Suzanne Burce (1929 - )
Jane Powell was often referred to as "Everyone's Favorite Little Sister" or "The Girl Next Door" from about 1945 to about 1955. She portrayed the ideal American girl-next-door in a delightful array of films from MGM - energetic, bubbly, beautiful and just plain irresistable! And did I mention she could sing? And dance? And how!
Born in Portland, Oregon on April 1, 1929, Jane began her singing career on local KOIN radio at the age of seven. The Burce family moved to Los Angeles in the early 1940s and Jane landed a part on the radio show, "Hollywood Showcase." She sang an aria from "Carmen" and knocked 'em dead. As a result, she was booked on the Charlie McCarthy radio show and offered an MGM contract.
MGM loaned her to United Artists for her first two films: Song of the Open Road (1944) and Delightfully Dangerous (1945). When Jane returned to MGM, she hit the ground running in a series of films from Holiday in Mexico (1946) to Hit the Deck (1955). Jane's big break came with the film Royal Wedding (1951), with Fred Astaire. The female lead was originally intended for June Allyson, but when time came for production June was pregnant and the role was given to Judy Garland. But Judy was too exhausted to take on the part, so it was handed to Jane. Jane may not have been first choice but she really showed her stuff, and it's hard to imagine anyone doing it any better than she did!
Then came a series of more musical comedies, including Rich, Young and Pretty (1951) and Small Town Girl (1953). In 1954 Jane landed the role of Milly in Seven Brides for Seven Brothers, the box office champ of the year. Today, "7B47B," as it's commonly referred to, is probably the best-loved of all of Jane's films - in fact it's one of the best-loved musicals of all-time.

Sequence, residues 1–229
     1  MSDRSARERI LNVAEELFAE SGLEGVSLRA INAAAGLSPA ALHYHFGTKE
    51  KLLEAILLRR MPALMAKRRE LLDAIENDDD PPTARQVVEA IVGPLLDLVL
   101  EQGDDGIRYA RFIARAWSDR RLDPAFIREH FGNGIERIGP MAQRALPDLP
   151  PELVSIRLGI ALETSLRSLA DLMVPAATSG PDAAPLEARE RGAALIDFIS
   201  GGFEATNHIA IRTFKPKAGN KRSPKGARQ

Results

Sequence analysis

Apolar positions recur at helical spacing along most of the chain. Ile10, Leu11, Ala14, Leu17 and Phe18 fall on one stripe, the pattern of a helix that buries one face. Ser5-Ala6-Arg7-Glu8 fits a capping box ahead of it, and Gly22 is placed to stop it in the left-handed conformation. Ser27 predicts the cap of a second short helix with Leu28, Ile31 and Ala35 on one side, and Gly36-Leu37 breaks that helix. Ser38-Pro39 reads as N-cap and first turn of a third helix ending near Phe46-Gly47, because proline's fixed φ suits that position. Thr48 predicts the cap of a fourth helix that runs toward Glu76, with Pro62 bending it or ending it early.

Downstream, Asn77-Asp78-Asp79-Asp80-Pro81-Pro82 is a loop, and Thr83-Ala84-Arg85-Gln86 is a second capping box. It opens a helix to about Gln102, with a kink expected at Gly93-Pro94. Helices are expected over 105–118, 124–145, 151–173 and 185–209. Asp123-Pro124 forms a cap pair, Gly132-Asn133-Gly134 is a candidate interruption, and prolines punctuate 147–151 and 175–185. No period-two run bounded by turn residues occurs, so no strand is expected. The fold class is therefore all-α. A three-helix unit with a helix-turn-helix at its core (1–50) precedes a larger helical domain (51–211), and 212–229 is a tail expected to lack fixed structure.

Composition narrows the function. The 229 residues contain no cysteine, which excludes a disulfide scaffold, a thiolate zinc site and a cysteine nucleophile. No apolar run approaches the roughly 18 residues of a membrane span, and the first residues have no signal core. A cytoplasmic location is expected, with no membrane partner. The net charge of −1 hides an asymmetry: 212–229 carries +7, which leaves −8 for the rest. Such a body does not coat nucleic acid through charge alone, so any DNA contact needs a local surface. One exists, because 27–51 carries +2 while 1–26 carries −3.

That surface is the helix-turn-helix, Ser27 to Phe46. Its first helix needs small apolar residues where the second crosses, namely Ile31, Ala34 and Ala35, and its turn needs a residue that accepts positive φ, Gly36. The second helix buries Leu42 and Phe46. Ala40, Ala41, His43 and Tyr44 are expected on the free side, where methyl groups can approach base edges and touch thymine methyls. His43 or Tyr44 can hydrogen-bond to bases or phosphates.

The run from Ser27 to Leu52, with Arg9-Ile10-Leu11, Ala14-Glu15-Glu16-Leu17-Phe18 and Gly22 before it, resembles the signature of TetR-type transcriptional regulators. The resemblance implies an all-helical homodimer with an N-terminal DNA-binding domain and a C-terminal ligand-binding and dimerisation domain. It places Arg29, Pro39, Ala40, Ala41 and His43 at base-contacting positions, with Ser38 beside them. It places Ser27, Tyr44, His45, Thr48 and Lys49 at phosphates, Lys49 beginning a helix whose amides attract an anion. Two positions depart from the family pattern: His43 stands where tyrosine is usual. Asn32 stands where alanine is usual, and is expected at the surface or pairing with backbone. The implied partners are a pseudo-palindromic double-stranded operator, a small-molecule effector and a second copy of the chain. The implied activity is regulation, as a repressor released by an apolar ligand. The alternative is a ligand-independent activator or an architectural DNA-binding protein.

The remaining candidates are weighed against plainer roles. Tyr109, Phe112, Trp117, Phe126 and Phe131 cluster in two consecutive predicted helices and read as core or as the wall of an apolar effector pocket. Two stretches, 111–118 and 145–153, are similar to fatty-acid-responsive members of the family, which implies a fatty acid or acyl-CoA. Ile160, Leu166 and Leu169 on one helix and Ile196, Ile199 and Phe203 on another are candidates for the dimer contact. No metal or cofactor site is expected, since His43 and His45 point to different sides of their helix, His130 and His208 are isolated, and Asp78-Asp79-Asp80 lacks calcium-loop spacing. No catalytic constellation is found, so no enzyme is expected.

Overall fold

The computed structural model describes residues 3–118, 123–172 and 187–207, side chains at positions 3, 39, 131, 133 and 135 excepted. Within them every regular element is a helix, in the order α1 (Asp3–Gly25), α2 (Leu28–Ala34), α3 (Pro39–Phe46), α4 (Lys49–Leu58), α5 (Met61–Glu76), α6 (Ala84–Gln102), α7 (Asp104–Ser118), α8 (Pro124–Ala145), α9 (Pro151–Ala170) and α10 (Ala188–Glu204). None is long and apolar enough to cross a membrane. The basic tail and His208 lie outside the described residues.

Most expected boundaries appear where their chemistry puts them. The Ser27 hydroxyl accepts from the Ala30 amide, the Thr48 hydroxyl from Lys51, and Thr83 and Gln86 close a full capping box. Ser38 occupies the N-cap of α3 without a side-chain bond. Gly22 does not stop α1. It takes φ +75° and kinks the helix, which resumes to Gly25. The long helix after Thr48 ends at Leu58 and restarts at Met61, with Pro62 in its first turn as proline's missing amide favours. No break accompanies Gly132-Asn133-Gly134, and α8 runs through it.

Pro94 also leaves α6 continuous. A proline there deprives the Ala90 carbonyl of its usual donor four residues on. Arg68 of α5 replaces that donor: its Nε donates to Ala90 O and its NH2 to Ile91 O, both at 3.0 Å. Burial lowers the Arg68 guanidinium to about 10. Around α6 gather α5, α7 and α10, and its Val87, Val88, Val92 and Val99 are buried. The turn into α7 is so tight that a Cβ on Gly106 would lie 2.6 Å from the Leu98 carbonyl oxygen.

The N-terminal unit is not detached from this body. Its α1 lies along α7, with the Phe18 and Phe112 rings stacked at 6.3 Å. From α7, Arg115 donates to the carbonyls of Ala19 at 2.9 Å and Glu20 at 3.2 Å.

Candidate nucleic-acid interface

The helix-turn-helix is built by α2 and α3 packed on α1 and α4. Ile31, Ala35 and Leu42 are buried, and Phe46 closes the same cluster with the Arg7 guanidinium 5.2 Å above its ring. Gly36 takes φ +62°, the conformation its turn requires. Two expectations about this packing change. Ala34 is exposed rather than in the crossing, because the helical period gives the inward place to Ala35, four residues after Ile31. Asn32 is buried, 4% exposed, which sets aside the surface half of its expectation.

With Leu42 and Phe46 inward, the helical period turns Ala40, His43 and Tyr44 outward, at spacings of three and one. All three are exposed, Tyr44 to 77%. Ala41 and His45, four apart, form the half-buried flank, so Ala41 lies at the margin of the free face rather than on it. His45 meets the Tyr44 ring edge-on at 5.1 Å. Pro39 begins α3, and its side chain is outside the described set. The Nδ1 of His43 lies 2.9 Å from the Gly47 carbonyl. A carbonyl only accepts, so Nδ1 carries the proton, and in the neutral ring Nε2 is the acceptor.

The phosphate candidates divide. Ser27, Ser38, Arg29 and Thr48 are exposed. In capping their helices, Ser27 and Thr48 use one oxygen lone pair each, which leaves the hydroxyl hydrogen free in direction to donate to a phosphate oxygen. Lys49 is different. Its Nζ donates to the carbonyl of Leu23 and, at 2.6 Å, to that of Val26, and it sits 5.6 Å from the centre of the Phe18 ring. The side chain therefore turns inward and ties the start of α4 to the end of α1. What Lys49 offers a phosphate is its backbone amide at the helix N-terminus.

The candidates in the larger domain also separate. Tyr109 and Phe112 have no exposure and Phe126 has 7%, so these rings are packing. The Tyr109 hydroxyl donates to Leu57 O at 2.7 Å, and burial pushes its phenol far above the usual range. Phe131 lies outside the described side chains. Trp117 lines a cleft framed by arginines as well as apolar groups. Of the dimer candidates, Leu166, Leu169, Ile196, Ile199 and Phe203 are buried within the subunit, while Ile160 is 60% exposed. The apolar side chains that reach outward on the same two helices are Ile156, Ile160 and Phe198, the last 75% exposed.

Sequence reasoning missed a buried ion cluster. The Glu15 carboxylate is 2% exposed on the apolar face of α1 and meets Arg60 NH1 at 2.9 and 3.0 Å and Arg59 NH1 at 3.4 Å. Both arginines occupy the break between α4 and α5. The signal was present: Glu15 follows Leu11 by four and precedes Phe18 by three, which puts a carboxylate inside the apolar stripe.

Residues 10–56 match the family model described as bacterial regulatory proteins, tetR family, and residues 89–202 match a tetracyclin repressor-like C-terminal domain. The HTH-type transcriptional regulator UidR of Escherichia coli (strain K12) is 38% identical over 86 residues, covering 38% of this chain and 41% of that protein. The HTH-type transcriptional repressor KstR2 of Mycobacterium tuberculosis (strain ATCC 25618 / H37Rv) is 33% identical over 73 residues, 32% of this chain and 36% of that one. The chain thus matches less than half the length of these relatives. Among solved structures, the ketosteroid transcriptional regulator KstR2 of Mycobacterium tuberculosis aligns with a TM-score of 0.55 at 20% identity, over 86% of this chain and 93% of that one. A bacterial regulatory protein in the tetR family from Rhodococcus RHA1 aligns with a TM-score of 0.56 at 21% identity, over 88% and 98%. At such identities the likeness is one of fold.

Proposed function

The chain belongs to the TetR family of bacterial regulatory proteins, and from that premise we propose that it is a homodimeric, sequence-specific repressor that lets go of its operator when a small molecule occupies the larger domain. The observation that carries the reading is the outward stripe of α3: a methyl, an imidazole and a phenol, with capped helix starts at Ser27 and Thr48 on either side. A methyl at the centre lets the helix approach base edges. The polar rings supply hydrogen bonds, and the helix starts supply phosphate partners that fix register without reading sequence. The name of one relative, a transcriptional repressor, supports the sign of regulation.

Frustrated at the limitations her MGM contract placed on her career, Jane left MGM around 1955 to free-lance. She appeared in a number of additional movies, none of which did very well. She was more successful in stage productions, including Oklahoma, The Unsinkable Molly Brown, Carousel, Meet Me in St. Louis and My Fair Lady. She also appeared in a number of television productions, recorded albums, worked night-clubs and television guest spots.
I don't know if Jane ever quite found the kind of career she worked so hard for, but I'm grateful to her for just being herself in some of the most delightful musicals of the Golden Era. Here's a big kiss (on the forehead, of course) for my favorite Little Sister of the Golden Era!
Read more about Jane Powell in her autobiography The Girl Next Door and How She Grew.